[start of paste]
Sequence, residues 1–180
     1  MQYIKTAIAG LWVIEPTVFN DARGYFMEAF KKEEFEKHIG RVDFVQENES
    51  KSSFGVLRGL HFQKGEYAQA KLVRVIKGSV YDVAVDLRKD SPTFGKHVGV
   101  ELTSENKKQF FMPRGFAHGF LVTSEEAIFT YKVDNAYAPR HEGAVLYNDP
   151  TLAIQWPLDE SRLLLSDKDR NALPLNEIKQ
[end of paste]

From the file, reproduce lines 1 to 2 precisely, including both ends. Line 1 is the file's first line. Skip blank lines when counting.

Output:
Sequence, residues 1–180
     1  MQYIKTAIAG LWVIEPTVFN DARGYFMEAF KKEEFEKHIG RVDFVQENES